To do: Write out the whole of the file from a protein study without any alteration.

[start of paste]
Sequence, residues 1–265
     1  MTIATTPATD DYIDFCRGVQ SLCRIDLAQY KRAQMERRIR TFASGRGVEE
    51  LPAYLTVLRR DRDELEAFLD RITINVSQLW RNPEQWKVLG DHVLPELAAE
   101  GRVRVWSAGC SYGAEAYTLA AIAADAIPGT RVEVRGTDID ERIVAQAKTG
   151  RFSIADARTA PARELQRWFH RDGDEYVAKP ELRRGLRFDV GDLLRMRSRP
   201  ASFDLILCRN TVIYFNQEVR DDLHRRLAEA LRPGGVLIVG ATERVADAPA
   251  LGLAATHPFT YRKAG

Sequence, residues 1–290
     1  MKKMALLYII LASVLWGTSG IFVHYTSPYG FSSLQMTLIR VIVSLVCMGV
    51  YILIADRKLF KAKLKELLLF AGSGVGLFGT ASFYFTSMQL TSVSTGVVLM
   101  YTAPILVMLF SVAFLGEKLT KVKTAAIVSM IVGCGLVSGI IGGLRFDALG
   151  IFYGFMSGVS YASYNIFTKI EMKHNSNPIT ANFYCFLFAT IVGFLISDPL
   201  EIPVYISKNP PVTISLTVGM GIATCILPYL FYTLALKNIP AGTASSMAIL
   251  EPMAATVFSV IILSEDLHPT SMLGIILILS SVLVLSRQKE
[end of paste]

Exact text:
Sequence, residues 1–265
     1  MTIATTPATD DYIDFCRGVQ SLCRIDLAQY KRAQMERRIR TFASGRGVEE
    51  LPAYLTVLRR DRDELEAFLD RITINVSQLW RNPEQWKVLG DHVLPELAAE
   101  GRVRVWSAGC SYGAEAYTLA AIAADAIPGT RVEVRGTDID ERIVAQAKTG
   151  RFSIADARTA PARELQRWFH RDGDEYVAKP ELRRGLRFDV GDLLRMRSRP
   201  ASFDLILCRN TVIYFNQEVR DDLHRRLAEA LRPGGVLIVG ATERVADAPA
   251  LGLAATHPFT YRKAG

Sequence, residues 1–290
     1  MKKMALLYII LASVLWGTSG IFVHYTSPYG FSSLQMTLIR VIVSLVCMGV
    51  YILIADRKLF KAKLKELLLF AGSGVGLFGT ASFYFTSMQL TSVSTGVVLM
   101  YTAPILVMLF SVAFLGEKLT KVKTAAIVSM IVGCGLVSGI IGGLRFDALG
   151  IFYGFMSGVS YASYNIFTKI EMKHNSNPIT ANFYCFLFAT IVGFLISDPL
   201  EIPVYISKNP PVTISLTVGM GIATCILPYL FYTLALKNIP AGTASSMAIL
   251  EPMAATVFSV IILSEDLHPT SMLGIILILS SVLVLSRQKE